Written and directed by Ken Finkleman
And so here we are with our final entry in this very long-running series on the disaster cinema of the period 1970-1980—thirty-two reviews in all—over which I hope I've managed a reasonably comprehensive and more-generous-than-usual critical overview of a movement that, whether snobs like it or not, helped defined the decade. I've already repeated myself often enough about what I think it meant, so let us simply say that if you wanted to confirm the stereotype of the 1970s (but not, for being a stereotype, inaccurate) as American filmmaking's longest flirtation with downbeat nihilism, well, you could have a whole lot less fun doing so than watching the 70s disaster film cycle's masterpiece, The Poseidon Adventure.
But hark, we are now in 1982, two years past our indicated period: two years after Irwin Allen's death ride for disaster cinema, When Time Ran Out...; two years after Lew Grade's disaster-adjacent motionless picture, Raise the Titanic; and, most importantly, two years after David Zucker, Jim Abrahams, and Jerry Zucker sealed disaster cinema in its grave, never to reemerge until the 1990s, with their legendary genre spoof, Airplane! But you know what happens when a movie's legendary, especially in the 80s: it gets a sequel.
It is, then, technically out of our ambit—though weirdly enough, as Airplane! had been principally a slapstick comedic remake of 1957's Zero Hour!, it fell instead to Airplane II: The Sequel to spoof the actual plot of 70s disaster cinema's progenitor, 1970's Airport—but knowing that even with all the generosity in the world the concluding years of the cycle would be spotty, I had always planned to finish with a pair of treats for myself, Airplane!, which was obligatory anyway, and its sequel, which I'll readily admit, was intended as pure candy.* I'd seen neither Airplane! nor Airplane II in many years, but then, one doesn't forget Airplane!—I don't mean this as a complaint, but one is not allowed to forget Airplane!, as it's one of the most frequently-referenced works of pop culture of all time. I had forgotten Airplane II, however, except my recollection that I was as fond of it as its predecessor. There's no twist here: that recollection was borne out.
There is, however, a wrinkle: as noted with Airplane!, comedies can be hard to critique beyond "is it funny?", and truly great comedies moreso, for in never failing to be funny they don't even give you the opportunity to discuss their flaws; Zucker-Abrams-Zucker's style of comedy is even harder to talk about, because in its idealized form it's nothing besides infinitely-densely-packed jokes that are more-or-less all successful, and, more difficult still, they're often hilarious simply because they're so surreal. And hence a review of Airplane! that, in (barely) escaping the temptation to just list jokes, was spent instead trying to figure out how, structurally, ZAZ packed them into their purloined plot; how, aesthetically, they told them inside a film frame; and how, taxonomically, one might go about categorizing them, to better understand their interactions. And you can only write that review once.
But is this in fact a ZAZ film? It is, the credits tell us, not. I wasn't even aware of this till only about two months ago, when prepping to watch Airplane II. I'd gone my whole life believing that the makers of Airplane! had, when the time came, naturally doubled-down on their hit, because that was simply what you did, and so obviously the direction blockbuster cinema was trending—the Jawses, the Rockys—that this Airplane! sequel's title takes it into sneering account, in very ZAZ fashion. And though their names are not on the film, they were in fact there on the ground floor. There's much less production history for Airplane II than for Airplane!, but the trio were there for initial development only to eventually decide that really, they'd rather not, whereupon they decamped—along with Airplane!'s breakout star, Leslie Nielsen—to make Police Squad! for TV. But the sequel, or The Sequel, was a foregone conclusion anyway, and Paramount's affiliate producer, Howard Koch, was going to have it made regardless. And so did screenwriter credit and directorial duties alike fall upon Ken Finkleman, a Canadian TV comedy guy, presently coming off of writing the screenplay to another Paramount-produced sequel, Grease 2, and I don't know if ZAZ even knew him.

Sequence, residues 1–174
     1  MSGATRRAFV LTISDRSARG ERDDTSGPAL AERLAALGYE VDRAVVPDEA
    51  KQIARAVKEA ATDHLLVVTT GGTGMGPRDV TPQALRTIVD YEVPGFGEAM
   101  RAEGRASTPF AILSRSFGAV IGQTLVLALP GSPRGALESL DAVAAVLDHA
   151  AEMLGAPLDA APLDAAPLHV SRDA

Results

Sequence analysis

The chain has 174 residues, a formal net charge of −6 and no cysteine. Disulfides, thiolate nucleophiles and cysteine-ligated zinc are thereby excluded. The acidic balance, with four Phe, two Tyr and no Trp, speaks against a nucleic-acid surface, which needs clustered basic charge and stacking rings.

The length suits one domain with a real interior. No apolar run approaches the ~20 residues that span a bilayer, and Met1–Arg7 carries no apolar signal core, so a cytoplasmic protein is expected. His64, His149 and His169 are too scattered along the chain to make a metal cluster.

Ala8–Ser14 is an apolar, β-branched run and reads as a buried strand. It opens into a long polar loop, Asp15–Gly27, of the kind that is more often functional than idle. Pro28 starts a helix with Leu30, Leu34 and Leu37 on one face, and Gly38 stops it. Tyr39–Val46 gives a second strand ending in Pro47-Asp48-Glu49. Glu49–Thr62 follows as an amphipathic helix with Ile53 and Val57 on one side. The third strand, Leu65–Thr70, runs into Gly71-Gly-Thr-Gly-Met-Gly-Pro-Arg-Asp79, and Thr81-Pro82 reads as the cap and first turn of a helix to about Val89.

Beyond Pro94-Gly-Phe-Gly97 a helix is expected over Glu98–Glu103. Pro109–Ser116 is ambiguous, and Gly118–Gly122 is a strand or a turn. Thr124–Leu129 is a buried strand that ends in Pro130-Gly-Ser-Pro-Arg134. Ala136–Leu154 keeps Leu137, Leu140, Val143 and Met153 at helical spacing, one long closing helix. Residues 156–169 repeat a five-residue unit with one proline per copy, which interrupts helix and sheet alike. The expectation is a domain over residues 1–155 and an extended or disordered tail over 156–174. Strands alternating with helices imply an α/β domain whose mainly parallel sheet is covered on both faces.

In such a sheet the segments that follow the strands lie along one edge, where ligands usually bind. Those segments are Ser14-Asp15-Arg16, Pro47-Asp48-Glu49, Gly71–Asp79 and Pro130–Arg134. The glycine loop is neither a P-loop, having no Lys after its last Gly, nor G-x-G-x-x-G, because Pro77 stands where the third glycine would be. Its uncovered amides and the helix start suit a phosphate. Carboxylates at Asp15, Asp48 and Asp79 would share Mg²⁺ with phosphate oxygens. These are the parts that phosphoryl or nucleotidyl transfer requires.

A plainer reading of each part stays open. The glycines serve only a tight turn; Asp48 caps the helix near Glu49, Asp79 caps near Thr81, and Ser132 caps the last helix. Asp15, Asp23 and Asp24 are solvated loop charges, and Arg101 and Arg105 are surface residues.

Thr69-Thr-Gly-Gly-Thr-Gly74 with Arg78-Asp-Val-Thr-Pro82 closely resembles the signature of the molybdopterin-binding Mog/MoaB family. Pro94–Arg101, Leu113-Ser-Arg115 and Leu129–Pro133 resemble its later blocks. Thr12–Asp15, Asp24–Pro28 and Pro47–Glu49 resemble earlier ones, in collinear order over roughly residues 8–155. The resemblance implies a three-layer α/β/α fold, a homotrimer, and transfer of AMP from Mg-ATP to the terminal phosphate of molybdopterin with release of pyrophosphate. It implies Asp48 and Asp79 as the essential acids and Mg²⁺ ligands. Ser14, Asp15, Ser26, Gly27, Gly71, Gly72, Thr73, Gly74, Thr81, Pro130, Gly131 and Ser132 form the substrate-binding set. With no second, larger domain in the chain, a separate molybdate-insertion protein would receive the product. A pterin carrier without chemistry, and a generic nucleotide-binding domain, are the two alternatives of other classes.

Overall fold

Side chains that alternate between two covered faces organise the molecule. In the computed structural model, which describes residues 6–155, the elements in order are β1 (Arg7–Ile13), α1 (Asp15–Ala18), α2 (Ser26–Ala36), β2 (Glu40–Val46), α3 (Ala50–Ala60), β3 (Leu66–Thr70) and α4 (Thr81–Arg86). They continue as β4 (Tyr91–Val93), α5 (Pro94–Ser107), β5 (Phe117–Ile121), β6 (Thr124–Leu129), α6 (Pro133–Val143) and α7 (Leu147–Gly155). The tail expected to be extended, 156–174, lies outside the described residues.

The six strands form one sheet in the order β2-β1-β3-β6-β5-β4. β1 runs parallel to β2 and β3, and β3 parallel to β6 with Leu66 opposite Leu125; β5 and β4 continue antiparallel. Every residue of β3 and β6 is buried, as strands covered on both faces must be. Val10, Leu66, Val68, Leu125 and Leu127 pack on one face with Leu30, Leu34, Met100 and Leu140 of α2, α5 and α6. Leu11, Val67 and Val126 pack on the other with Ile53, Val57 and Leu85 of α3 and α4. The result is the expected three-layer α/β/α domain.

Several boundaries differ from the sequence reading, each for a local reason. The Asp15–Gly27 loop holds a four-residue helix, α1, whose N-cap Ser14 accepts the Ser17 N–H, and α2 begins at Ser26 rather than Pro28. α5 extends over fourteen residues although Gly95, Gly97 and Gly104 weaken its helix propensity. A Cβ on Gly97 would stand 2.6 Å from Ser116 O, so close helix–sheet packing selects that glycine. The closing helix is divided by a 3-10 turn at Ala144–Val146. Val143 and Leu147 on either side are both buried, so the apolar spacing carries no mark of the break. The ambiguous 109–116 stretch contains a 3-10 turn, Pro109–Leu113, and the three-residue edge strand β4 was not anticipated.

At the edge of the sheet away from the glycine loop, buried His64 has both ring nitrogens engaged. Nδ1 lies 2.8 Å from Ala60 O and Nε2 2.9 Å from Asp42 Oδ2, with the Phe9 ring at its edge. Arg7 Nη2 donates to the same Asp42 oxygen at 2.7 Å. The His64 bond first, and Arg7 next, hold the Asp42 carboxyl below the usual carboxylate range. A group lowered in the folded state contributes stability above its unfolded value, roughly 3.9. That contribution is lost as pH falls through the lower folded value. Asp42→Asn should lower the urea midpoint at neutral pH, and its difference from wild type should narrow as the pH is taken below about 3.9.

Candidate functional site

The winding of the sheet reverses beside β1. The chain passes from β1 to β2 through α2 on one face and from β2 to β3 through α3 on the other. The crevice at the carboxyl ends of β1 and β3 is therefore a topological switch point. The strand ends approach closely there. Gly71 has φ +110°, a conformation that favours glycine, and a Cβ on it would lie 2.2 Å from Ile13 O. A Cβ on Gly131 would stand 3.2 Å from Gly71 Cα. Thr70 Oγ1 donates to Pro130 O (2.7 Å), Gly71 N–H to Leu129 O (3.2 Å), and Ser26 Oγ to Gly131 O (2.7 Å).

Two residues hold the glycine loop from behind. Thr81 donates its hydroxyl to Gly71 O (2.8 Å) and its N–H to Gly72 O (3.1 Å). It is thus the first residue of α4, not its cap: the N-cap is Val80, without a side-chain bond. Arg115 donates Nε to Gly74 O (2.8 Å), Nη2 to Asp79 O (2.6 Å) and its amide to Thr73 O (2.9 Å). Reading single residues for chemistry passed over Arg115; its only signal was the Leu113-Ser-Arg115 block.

Airplane II, as its detractors have had it since 1982, is indeed more of the same—even for a parody franchise patterned on the variation-on-a-theme Airports is it an echo of its predecessor, and, with one major exception, I would barely need to edit my summary of Airplane! to get Airplane II's own plot across. But before we get to that, I think it's worth considering what Airplane II is doing with that sameness, and to consider whether or not ZAZ actually had as little to do with it as they made it look as they strategically distanced themselves from what they (correctly) ascertained would be a critically-excoriated underperformer. There's one of two possibilities which must be true, and I'm happy to admit I'm speculating, because either could be true: the first is that Ken Finkleman, while not a particularly gifted scenarist, as on both of his 1982 sequels he just barely remixes the plot of the original, was nevertheless saving all his actual humor for Airplane II and, having put the bare minimum of everything into the characters and situations of his dire screenplay for Grease 2, was now ready to do (and, miraculously, capable of doing) one near-flawless ZAZ impression for Airplane II; the second possibility is that Finkleman's primary job here was to curate a nearly-complete collection of jokes already developed for Airplane II by Airplane!'s creators.